Advancing Equity for All by Exercising Our 19th Amendment Voting Rights

August 26, 2020 - Christine Mason Soneral and Nicole Carter

Women's Leadership Institute BlogThis year marks an important evolution in women’s ability to participate in democracy—the 100th anniversary of the 19th Amendment to the United States Constitution which prohibits the states and federal government from using sex as a basis to deny citizens the right to vote.  While worthy of observance, the right to vote for women did not come early, easily or equally.  In addition, today there are still many places in the world where women lack or find it difficult to vote and are thus denied meaningful participation and decision-making.

The 19th Amendment was passed by Congress in 1919, almost a full century after women’s organizations in the United States started advocating for and insisting upon voting equality between the sexes.  It was passed decades after countries like New Zealand, Finland, Denmark, Iceland, Russia and Germany granted women the right to vote. It required marches, demonstrations, imprisonment and even hunger strikes.  The Amendment faced significant congressional challenges on its way to adoption, with proposals repeatedly put forth and voted down.  It wasn’t until August 18, 1920 that the final necessary state ratification was secured such that the Amendment could be added to the Constitution.  By this time, the United States was the twenty-seventh country in the world to grant women the right to vote.  After its passage, the Amendment’s adoption continued to face opposition and several legal challenges were pursued by resistors.  The Amendment’s validity was ultimately upheld by the United States Supreme Court.

Because the 19th Amendment states “[t]he right of the citizens of the United States to vote shall not be denied or abridged by the United States or by any State on account of sex”, it is often hailed as providing all female citizens in the United States the right to vote.  However, Native American women weren't allowed to vote until they were granted citizenship with the Indian Citizenship Act of 1924 and many Asian American women were not allowed to become citizens and vote until the Immigration and Nationality Act of 1952.  Moreover, millions of black, indigenous and people of color (BIPOC) were consistently prevented from voting through the widespread use of voter suppression tactics such as poll taxes, residency requirements, literacy tests, denial of citizenship, obstructed access to the voter box, intimidation and violence.  Black women did not obtain the right to vote until the passing of the Voting Rights Act of 1965 which prohibits racial discrimination in voting.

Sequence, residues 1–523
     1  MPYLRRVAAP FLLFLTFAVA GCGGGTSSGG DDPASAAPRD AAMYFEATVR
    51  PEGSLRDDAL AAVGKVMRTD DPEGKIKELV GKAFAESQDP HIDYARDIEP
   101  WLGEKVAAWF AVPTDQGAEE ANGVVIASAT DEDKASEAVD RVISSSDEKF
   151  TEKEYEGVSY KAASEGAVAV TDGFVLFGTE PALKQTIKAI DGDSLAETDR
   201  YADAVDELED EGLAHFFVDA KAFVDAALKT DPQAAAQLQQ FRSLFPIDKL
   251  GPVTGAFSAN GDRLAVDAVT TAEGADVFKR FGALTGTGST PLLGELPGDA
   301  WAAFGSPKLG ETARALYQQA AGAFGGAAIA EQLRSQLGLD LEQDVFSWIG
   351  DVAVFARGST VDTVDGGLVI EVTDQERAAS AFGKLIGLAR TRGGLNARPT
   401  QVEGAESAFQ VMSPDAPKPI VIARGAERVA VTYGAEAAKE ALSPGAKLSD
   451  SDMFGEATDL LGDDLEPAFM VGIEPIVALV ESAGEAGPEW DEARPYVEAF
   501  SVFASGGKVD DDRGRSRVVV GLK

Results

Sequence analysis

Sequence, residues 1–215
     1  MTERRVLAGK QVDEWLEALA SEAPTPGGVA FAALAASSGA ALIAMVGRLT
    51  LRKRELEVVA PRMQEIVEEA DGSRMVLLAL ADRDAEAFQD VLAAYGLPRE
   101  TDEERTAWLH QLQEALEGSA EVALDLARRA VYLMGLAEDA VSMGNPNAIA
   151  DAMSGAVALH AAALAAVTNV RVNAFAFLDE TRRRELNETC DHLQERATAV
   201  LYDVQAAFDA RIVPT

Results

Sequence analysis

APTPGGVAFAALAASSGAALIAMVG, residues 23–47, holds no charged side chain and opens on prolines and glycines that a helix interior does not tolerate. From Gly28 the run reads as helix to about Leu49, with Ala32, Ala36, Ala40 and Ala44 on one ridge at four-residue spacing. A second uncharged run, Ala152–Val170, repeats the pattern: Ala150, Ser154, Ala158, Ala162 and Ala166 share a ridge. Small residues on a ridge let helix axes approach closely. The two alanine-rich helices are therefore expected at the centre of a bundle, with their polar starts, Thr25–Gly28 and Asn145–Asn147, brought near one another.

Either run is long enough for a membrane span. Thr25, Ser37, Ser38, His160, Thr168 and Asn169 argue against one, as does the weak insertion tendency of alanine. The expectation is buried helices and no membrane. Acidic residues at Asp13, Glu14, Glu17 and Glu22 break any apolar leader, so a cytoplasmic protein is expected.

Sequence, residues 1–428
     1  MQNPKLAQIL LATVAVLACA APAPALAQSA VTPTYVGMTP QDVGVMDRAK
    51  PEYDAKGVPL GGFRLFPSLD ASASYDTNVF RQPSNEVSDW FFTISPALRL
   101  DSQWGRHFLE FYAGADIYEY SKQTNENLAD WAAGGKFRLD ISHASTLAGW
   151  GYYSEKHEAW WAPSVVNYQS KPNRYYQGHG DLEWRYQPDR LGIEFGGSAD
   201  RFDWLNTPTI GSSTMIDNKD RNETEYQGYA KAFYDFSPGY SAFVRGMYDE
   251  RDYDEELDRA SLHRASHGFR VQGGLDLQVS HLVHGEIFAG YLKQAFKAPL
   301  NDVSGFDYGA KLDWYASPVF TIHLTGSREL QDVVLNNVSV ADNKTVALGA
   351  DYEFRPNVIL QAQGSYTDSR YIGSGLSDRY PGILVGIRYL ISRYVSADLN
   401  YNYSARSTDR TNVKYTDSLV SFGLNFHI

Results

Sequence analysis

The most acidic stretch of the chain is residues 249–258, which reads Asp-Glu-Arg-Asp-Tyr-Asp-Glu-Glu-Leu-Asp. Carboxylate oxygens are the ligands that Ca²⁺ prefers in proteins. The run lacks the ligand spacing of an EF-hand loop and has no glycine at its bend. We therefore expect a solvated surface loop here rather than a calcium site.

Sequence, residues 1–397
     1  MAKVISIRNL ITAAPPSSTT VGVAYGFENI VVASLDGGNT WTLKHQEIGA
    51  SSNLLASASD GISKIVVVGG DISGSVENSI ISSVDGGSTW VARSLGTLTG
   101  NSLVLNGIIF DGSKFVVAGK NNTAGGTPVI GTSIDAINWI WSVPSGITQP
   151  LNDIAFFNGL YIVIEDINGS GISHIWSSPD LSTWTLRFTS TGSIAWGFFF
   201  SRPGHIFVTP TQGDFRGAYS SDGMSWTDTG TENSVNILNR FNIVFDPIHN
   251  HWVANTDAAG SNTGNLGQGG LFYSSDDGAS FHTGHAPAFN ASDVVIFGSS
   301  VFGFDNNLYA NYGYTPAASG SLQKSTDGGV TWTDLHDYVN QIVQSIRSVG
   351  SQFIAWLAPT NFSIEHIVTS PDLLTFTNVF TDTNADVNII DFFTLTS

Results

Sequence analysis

In order to achieve equity for women and other underrepresented persons, it is imperative that we vote.  We can change outcomes at the local, state and federal level.  Diversity of voters has determined the outcome of elections. For example, women of color now have an opportunity to effectuate election outcomes as never before. As noted by the Center for American Progress: “women of color now represent almost one-third of citizen voting-age (CVA) women, an increase of 10 percentage points from 2000 to 2017.  In other words, there are 13.6 million more CVA women of color than there were in 2000, compared with 6 million additional CVA non-Hispanic white women.” 

Knowing the arduous path towards suffrage should serve as a catalyst for women to vote whenever possible and to be accountable to the power of the ballot.  If we want our voice to be heard and we want to make a change for the better, we will be inspired to exercise this fundamental, human right.  Our vote sends a message to politicians about what issues we care about; it impacts the present day and the future.  Even if what or whom we cast our vote for doesn’t win; our vote matters.  We need to be encouraged to live into the Constitution’s promise that all power is inherent to the people.  All free government is founded on their authority and is instituted for their equal protection and benefit and they have the right in lawful and constituted methods to alter or reform their forms of government in such manner as they may think proper. 

There is no better time for women to reflect on the policy changes that we would like to see from equal pay, to safeguards for working mothers, to using the takeaways learned by living through a catastrophic novel coronavirus pandemic together, to fully understanding and embracing the concept that Black Lives Matter; we have the permission, power and authority to change the trajectory for women in this country for generations to come by exercising our right to vote!


Written by

Christine Mason Soneral

Christine Mason Soneral

Senior VP and General Counsel for ITC Holdings Corp.

Nicole Carter

Nicole Carter

Principal of Novi High School